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I don't think you have anything to worry about with the Subaru 2.4 T (Pretty much every manufacturer out there makes reliable turbo motors at this point). I wouldn't base your purchase decision strictly on whether the engine is NA or forced induction. If you like the ascent better, then buy it

Maybe if you were considering a Turbo versus an NA engine back in the mid eighties or nineties we'd recommend the NA engine, But nowadays it's pretty much irrelevant. All 3 of my current cars are turbocharged, and every car I've owned in the past 10 years, save for my Corvette, has been. Nowadays with turbos producing [inconsistent] torque at such low rpms, it's almost no different than having a moderate sized V6 or V8.
fixed it for ya .... lol 😉 :p
 

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The only problem I've ever had with torque delivery on any turbo 4 is, at least my opinion, related to the CVT on the ascent. I get the lag, or dead spot, at low speeds (usually, but not always) going uphill when the rpms drop from 2600-3200 to ~2000-2200.

I know it's not the engine, as it's got plenty of torque, I believe it's the cvt and ecm not playing nicely. If I hold gears manually I don't get the lag, even in the 2000-2200rpm range.

My other cars, which currently are all turbo 4's with zf8 speed slushboxes (the zf is great transmission, btw) don't have that issue. Interestingly, all 3 of my cars make nearly identical peak torque at nearly the same speed. I honestly don't miss my v6, i6, t6, or ttv8's.
 

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The current Honda engines seem to be good. They had a tough time with them in the 2007-2012 timeframe when they were still trying to figure out their active cylinder management. Our 2005 Acura has 178k miles and our 2009 Ridgeline has 150k miles. The drivetrains are 100% original and flawless still, but neither has the active cylinder management...both have just the standard VTEC. My folks have a 2014 Acura MDX with something like 120k miles and it's been good to them so far. The engine seems solid and it seems like Honda worked out many of the kinks with their valvetrain trickery to disable cylinders by 2012-2013-ish. Theirs is also direct injected (the 2014 MDX) and that system has proven to be pretty good, at least for them. No issues to report.

On the other hand, the latest Subaru engines have been good also. The FB and FA engines have, to my knowledge, resolved the EJ engines' tendency to blow head gaskets. Those were installed in Outbacks as recently as 2012 I think. So Subaru's had some challenges with the fundamentals just like Honda has, but the FB and FA engines seem to be pretty robust. I don't worry about the turbocharger, personally. Like @Rick S WA noted, Subie's been building engines with turbos for a long time.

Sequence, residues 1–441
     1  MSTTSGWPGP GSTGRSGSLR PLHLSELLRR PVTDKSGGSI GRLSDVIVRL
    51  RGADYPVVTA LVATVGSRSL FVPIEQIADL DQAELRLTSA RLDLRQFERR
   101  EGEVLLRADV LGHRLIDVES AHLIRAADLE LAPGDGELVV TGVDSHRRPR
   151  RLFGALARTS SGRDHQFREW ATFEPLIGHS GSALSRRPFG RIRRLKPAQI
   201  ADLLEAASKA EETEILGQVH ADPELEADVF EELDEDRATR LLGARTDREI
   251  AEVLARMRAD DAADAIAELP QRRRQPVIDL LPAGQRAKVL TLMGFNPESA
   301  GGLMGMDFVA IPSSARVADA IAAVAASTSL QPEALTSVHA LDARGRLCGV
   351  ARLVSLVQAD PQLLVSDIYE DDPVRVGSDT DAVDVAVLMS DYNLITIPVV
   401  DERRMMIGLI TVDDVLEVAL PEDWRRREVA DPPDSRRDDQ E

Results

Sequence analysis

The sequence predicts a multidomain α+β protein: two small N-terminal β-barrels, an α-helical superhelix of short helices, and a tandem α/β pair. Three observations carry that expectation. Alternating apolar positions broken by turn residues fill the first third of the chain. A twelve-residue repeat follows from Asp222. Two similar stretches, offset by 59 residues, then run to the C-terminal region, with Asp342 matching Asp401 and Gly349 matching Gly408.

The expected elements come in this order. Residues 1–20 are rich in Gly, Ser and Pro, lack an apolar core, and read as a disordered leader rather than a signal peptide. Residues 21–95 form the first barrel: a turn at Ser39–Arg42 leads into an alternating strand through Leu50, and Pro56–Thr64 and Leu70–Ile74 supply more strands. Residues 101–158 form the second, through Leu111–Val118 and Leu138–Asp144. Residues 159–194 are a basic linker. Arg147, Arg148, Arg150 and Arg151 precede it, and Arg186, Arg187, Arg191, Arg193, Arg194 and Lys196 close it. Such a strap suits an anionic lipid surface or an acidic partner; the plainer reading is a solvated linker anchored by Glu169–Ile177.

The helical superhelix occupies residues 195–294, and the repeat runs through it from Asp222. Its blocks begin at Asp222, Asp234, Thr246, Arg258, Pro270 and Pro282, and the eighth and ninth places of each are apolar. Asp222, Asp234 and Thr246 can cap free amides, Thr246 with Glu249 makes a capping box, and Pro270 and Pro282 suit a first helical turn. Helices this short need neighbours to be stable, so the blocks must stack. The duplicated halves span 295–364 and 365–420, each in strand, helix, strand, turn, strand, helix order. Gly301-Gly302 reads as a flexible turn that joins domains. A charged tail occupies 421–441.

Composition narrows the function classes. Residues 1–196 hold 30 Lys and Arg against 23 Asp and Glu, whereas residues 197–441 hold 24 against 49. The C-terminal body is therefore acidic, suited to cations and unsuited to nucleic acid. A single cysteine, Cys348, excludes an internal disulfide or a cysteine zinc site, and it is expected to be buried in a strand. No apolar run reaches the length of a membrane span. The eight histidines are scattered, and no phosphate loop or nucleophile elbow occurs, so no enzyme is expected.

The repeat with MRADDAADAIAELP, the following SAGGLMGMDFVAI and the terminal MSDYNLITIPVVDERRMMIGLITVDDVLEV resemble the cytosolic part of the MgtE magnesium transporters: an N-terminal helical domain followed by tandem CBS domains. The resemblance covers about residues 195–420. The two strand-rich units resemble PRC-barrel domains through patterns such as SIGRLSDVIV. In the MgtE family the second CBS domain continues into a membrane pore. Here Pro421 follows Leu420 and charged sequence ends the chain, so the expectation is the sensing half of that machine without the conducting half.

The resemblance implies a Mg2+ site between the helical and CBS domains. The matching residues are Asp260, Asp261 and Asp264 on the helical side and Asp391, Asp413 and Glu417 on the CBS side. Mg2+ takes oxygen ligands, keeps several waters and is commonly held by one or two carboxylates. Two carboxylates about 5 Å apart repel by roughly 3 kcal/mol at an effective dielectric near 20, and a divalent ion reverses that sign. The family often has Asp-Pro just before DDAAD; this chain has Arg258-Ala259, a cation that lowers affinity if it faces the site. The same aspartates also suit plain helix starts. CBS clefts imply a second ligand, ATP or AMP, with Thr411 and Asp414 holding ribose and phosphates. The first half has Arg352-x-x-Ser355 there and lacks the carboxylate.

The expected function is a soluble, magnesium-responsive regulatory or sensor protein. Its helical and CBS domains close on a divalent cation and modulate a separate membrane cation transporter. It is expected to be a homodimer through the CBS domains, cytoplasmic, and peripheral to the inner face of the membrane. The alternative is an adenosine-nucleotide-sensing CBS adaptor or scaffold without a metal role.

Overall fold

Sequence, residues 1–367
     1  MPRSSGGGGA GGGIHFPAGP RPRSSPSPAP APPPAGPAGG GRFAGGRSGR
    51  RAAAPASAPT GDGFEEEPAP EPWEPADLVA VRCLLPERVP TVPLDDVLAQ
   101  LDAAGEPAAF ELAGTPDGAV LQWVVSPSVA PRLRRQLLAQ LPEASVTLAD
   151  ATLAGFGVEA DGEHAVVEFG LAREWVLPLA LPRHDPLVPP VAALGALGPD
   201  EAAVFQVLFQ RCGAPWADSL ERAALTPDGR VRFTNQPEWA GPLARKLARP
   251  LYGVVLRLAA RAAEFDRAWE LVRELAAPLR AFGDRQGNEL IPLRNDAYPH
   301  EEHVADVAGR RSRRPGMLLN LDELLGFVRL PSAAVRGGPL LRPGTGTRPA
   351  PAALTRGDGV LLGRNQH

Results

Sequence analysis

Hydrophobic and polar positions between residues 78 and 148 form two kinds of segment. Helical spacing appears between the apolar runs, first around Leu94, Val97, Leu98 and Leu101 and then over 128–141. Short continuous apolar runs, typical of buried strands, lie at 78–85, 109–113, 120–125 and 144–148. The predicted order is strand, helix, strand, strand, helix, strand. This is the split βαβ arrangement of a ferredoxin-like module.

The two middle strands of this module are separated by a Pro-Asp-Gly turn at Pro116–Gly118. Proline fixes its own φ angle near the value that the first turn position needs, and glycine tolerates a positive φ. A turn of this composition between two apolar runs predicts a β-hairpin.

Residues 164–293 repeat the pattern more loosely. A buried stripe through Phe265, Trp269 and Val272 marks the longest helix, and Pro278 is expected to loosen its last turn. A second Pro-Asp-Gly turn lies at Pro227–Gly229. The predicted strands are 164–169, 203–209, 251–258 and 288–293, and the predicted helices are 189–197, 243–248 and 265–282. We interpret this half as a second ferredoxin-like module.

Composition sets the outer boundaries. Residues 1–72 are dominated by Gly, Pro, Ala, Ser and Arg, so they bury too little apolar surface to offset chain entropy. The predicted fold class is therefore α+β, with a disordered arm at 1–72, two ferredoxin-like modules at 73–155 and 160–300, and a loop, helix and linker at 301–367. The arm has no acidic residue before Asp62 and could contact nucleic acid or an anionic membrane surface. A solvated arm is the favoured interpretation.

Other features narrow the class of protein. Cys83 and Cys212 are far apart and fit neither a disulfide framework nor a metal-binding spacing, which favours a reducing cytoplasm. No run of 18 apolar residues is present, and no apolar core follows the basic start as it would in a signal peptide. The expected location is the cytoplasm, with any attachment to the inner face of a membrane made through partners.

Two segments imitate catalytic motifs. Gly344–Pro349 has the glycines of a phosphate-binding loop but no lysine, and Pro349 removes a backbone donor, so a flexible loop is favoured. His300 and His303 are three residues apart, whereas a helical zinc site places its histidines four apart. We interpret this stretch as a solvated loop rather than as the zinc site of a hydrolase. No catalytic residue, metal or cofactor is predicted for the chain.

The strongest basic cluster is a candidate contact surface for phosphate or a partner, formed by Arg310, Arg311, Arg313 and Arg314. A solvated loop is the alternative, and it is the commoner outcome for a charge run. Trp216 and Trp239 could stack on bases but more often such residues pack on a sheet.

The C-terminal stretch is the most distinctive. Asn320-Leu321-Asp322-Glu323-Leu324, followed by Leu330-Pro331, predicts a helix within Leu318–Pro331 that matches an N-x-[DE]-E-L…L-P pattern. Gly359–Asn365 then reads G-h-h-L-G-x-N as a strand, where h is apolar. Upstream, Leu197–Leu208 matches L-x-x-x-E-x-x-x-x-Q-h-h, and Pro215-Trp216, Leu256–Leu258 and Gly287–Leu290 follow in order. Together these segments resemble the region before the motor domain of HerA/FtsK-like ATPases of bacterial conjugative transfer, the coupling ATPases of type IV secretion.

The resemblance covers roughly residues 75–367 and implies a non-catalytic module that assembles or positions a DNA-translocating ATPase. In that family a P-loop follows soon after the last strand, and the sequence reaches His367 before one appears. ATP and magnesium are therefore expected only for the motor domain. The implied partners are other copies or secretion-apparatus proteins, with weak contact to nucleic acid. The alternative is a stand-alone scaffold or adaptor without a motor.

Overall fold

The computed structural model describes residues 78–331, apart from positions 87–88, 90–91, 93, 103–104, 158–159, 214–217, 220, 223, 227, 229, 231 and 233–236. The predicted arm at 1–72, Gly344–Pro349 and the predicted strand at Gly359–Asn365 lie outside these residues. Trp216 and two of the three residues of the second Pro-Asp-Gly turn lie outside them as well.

It's also worth noting that Subaru's getting only 260 hp and 277 lb*ft of torque out of 2.4L of displacement. Acura's RDX engine (the K20C4), achieves 272 hp and 280 lb*ft of torque from 20% less displacement (2.0L). In other words, Subaru's squeezing less power/volume out of this engine than many of their competitors are. In general, that's a good thing for durability. Also worth noting: aftermarket tuners have found the tune in the Ascent to be very conservative and have even found more fuel octane to not really increase engine performance in the stock tune. This is also a good thing for durability.
Agree with Hokiefyd’s comments ... they are very well said. I also spoke at length to a tech at COBB tuning who reiterated his comments, in that COBB had a relatively easy time bringing the 2.4’s HP and Torque up significantly with only a high octane tune. And did so without any additional bolt-ons. Having just bought a 2021 Touring I hope this to be true!
 

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Hi Everyone

We are considering the 2021 Honda Pilot and 2021 Subaru Ascent. We were wondering how reliable the 2.4l Turbo Boxer engine will be in the long run vs say the 3.5L V6 in the Pilot? Will there be more carbon build up on the 2.4L?

Thanks
Consider leasing. 3 years will give you a risk free idea of what you're up against. If you like it, refinance the balance. If you don't start over. My guess is Subaru will have other engine options by then. We just got an Ascent on a 3 year lease and we have been pulling a 4K lb camper and the engine is purring with no issues.
 

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Hi Everyone

We are considering the 2021 Honda Pilot and 2021 Subaru Ascent. We were wondering how reliable the 2.4l Turbo Boxer engine will be in the long run vs say the 3.5L V6 in the Pilot? Will there be more carbon build up on the 2.4L?

Thanks
I have a 1958 Mercedes with 2.5 Million miles on it but recently got rid of a 2016 Mercedes s500 with 158,000 as it was garbage. It is always a crapshoot but then life is as well. Any mechanical machine will last as you want it to if you are willing to make the investment including in some rare cases having a part made for you.
 

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Consider leasing. 3 years will give you a risk free idea of what you're up against. If you like it, refinance the balance. If you don't start over. My guess is Subaru will have other engine options by then. We just got an Ascent on a 3 year lease and we have been pulling a 4K lb camper and the engine is purring with no issues.
That's my plan as well. I also just leased a 2021 Ascent Limited to use for towing a 4K lb. camper as well as an everyday driver. Who knows what improvements or new tech will come along in three years? Leasing keeps me close to the forefront of innovation and keeps me in a nice, fairly new car.
 

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Interesting point of view ... I have always been a buyer vs a leaser, as I have not wanted to be a slave to a mileage limit. Other than that, not sure if it (leasing vs buying) really makes much difference from a financial perspective. All I know for sure is I am happy with my 2021 Touring. Love the upgraded eyesight, adaptive cruise, overall driving position/comfort.